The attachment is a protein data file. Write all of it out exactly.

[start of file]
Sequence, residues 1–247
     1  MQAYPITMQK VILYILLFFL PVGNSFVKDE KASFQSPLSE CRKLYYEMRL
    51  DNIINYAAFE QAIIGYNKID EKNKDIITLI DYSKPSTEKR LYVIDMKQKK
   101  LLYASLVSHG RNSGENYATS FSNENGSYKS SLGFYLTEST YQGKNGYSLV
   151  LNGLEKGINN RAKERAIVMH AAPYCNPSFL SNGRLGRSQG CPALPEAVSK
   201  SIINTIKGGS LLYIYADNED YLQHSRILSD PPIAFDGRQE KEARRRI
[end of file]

Sequence, residues 1–247
     1  MQAYPITMQK VILYILLFFL PVGNSFVKDE KASFQSPLSE CRKLYYEMRL
    51  DNIINYAAFE QAIIGYNKID EKNKDIITLI DYSKPSTEKR LYVIDMKQKK
   101  LLYASLVSHG RNSGENYATS FSNENGSYKS SLGFYLTEST YQGKNGYSLV
   151  LNGLEKGINN RAKERAIVMH AAPYCNPSFL SNGRLGRSQG CPALPEAVSK
   201  SIINTIKGGS LLYIYADNED YLQHSRILSD PPIAFDGRQE KEARRRI